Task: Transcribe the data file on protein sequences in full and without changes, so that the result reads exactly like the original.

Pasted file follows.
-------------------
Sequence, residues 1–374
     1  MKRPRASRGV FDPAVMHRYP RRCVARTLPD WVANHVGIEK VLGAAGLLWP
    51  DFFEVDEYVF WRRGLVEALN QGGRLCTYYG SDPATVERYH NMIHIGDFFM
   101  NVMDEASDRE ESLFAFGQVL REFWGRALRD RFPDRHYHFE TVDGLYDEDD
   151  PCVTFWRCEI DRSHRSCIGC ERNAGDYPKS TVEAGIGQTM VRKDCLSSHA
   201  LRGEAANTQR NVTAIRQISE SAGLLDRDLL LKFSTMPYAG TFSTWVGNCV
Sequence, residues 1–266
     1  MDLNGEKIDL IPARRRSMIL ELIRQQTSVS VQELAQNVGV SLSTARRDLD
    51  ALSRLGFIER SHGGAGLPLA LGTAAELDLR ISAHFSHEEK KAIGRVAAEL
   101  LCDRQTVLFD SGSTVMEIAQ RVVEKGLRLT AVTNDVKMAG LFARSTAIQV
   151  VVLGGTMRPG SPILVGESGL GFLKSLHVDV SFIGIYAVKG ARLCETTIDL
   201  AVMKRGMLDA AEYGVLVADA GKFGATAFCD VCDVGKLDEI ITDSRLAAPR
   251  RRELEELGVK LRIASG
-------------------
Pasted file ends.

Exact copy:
Sequence, residues 1–374
     1  MKRPRASRGV FDPAVMHRYP RRCVARTLPD WVANHVGIEK VLGAAGLLWP
    51  DFFEVDEYVF WRRGLVEALN QGGRLCTYYG SDPATVERYH NMIHIGDFFM
   101  NVMDEASDRE ESLFAFGQVL REFWGRALRD RFPDRHYHFE TVDGLYDEDD
   151  PCVTFWRCEI DRSHRSCIGC ERNAGDYPKS TVEAGIGQTM VRKDCLSSHA
   201  LRGEAANTQR NVTAIRQISE SAGLLDRDLL LKFSTMPYAG TFSTWVGNCV
Sequence, residues 1–266
     1  MDLNGEKIDL IPARRRSMIL ELIRQQTSVS VQELAQNVGV SLSTARRDLD
    51  ALSRLGFIER SHGGAGLPLA LGTAAELDLR ISAHFSHEEK KAIGRVAAEL
   101  LCDRQTVLFD SGSTVMEIAQ RVVEKGLRLT AVTNDVKMAG LFARSTAIQV
   151  VVLGGTMRPG SPILVGESGL GFLKSLHVDV SFIGIYAVKG ARLCETTIDL
   201  AVMKRGMLDA AEYGVLVADA GKFGATAFCD VCDVGKLDEI ITDSRLAAPR
   251  RRELEELGVK LRIASG